Mar-28-blog

Market Commentary 3/29/19

Declining mortgage rates have spurred refinance activity, as well as increased the probability of a strong spring home buying season. With inflation in check and the Fed on pause, interest rates should remain attractive for the foreseeable future. However be on the alert as rates may have bottomed and hit resistance in moving lower after rallying greatly since the beginning of the year.

Fears of global economic activity slowing continue to weigh on bonds. The recent drop in rates has pushed several wealthy nations debt to trade at zero % or below. In the U.S., the 10-year Treasury bond briefly dropped below 2.4% this week and the 3 month to 10-year Treasury yields inverted, a potential ominous signal of a looming recession should the inversion hold. An inverting yield curve has predicted most recessions and the inversion is the result of fears of economic growth globally as well as a lack of inflation.  These fears will keep investors on their toes and may create a more volatile rate environment in the coming months.

Given that we believe most of the concerns we’ve mentioned are priced in, we are biased toward locking in rates at these very attractive levels. Any unexpected good news could move rates up higher quickly.

Mar-15-blog

Market Commentary 3/15/19

Easing global monetary policy continues to provide the tailwinds pushing mortgage rates lower and equity prices higher. Recent confirmation from the February PPI and CPI also confirmed that inflation remains in check. As stocks have gained back most of the losses from late last year, risk is back in vogue.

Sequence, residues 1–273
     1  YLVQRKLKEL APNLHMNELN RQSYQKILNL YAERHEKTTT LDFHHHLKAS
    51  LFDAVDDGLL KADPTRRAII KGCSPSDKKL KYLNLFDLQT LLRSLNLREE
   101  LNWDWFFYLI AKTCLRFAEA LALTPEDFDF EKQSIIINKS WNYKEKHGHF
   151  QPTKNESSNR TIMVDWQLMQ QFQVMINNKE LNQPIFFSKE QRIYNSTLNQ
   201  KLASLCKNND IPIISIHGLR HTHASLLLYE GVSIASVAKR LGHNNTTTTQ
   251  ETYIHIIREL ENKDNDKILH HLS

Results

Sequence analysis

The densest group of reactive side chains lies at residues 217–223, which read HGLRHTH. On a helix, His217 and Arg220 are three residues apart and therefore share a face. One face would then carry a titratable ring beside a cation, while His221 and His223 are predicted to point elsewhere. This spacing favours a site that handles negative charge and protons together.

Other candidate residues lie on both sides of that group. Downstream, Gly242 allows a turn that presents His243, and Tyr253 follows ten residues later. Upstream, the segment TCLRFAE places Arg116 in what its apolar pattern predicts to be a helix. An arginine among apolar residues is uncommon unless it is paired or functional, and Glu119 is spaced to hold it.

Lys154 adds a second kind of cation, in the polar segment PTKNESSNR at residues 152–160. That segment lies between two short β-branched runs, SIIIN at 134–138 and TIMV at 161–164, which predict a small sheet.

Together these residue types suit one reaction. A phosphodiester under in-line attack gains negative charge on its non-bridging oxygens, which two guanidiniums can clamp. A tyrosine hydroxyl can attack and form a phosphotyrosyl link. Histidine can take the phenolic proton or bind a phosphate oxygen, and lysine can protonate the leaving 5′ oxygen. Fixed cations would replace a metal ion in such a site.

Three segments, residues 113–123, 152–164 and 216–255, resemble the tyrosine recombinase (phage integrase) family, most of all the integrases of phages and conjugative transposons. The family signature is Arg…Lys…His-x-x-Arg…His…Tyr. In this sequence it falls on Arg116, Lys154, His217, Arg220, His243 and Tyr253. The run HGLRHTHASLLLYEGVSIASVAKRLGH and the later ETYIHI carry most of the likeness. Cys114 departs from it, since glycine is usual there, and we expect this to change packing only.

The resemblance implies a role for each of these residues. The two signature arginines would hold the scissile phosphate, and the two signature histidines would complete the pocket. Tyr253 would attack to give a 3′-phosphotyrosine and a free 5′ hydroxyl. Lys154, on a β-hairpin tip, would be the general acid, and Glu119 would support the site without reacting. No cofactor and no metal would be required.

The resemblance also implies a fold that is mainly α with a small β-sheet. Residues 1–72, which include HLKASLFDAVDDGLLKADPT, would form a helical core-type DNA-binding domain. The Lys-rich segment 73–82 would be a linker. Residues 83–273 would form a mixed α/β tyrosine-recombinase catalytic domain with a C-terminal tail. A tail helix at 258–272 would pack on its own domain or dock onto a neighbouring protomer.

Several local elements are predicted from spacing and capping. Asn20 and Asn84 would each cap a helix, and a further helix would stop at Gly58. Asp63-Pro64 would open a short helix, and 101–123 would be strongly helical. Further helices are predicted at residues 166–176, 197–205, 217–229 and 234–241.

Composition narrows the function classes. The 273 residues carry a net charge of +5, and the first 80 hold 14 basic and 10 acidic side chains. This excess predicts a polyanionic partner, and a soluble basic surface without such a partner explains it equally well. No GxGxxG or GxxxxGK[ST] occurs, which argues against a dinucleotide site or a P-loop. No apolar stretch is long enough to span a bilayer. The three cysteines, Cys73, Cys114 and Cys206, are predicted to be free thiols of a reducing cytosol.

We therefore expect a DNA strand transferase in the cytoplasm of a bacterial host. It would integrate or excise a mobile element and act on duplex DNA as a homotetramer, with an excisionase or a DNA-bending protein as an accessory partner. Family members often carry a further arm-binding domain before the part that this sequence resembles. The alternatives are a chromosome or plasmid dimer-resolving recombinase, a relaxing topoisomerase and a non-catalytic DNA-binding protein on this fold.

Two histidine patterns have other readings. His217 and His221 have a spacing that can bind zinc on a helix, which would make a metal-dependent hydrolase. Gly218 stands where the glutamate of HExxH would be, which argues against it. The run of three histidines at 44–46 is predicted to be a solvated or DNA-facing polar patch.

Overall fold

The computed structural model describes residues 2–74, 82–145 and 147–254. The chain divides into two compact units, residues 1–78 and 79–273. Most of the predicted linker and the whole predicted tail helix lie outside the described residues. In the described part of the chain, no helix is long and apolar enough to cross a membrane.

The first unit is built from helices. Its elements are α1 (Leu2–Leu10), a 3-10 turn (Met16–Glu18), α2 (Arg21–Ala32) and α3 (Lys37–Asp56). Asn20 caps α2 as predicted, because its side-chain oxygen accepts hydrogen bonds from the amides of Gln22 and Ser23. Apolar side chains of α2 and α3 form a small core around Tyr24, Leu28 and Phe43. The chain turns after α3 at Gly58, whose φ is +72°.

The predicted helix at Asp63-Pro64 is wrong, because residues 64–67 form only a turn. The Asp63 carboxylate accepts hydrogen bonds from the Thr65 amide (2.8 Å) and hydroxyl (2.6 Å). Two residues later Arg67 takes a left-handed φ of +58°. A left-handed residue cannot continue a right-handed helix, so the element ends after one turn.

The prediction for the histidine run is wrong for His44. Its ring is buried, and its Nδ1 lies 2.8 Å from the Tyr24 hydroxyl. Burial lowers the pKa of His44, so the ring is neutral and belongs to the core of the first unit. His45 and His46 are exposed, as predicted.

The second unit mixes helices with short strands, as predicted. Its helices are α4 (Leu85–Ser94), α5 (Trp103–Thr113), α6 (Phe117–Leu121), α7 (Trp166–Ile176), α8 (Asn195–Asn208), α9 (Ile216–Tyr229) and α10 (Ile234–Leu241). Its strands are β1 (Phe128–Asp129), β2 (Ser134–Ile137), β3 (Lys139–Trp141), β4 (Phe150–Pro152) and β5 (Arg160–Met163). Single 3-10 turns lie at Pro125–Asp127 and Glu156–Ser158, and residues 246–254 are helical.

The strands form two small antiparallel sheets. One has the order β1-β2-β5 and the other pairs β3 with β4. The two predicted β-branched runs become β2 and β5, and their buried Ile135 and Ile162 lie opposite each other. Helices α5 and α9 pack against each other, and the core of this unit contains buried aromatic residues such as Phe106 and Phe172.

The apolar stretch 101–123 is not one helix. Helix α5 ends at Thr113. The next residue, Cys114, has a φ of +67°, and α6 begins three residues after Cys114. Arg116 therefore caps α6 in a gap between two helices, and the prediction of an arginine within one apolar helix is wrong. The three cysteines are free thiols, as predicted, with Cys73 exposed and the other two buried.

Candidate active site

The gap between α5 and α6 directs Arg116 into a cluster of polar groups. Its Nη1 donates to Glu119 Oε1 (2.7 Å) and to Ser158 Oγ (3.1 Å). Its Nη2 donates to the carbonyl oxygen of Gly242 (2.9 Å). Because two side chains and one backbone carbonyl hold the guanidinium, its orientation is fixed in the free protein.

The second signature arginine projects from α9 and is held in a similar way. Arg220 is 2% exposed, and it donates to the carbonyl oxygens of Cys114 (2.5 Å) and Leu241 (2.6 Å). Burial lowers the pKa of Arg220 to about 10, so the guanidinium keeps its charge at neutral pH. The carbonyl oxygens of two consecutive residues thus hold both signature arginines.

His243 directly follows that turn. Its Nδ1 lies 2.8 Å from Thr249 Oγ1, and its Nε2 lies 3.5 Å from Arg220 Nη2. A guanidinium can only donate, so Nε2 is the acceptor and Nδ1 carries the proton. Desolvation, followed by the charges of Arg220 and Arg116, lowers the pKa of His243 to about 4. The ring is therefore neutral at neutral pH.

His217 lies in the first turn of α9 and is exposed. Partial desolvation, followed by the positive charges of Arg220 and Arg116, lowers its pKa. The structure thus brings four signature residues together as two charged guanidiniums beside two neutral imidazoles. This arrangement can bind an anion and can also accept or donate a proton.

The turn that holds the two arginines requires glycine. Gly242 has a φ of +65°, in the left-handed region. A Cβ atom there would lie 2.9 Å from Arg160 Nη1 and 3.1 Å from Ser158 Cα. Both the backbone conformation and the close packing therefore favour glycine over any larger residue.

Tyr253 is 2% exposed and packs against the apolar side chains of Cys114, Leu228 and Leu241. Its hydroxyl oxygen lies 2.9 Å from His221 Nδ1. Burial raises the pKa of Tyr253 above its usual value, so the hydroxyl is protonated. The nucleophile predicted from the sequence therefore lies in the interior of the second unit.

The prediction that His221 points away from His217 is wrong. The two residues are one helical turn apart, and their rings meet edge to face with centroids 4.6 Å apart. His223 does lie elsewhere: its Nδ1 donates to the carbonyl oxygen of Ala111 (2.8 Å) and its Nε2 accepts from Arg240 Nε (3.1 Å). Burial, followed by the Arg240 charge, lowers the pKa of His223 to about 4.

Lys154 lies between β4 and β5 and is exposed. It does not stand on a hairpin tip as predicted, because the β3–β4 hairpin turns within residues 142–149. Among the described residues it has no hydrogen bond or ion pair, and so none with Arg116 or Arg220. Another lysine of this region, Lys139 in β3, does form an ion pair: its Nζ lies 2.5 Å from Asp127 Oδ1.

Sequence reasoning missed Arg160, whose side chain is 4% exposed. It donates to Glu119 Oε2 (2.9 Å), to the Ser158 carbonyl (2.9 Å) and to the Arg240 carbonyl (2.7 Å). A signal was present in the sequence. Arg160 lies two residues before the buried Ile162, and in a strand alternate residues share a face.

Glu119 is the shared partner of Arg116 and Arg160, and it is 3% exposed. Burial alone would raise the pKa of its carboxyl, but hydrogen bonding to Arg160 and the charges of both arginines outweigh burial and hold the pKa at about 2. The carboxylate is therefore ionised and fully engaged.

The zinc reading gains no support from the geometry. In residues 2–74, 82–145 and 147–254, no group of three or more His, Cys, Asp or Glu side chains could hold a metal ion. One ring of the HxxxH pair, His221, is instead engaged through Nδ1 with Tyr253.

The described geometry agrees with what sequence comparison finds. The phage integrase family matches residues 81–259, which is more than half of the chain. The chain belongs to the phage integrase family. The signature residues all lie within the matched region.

Reduced mortgage rates have arrived just in time to boost what has been a slowing new market for the new and resale housing market. Recent stories on the glut of high-end homes (those over $10 million) have brought back the conversation as to whether and when housing will reset much lower. Our view is that a glut is unlikely given the strict underwriting guidelines that banks continue to follow. If anything, the return of low-interest rates may ignite a better than expected spring buying season in housing.

However, fears remain in the highly leveraged first world economies, especially in the corporate and government debt markets.  As previously mentioned, QE has created absurdly low rates around the world and true price discovery is difficult to attain.  Geopolitical events such as China trade talks, Brexit, and Italian debt levels are also worrisome, as well as the slowing of the global economy.  Low rates work as a tonic in addressing these issues and central banks realize that.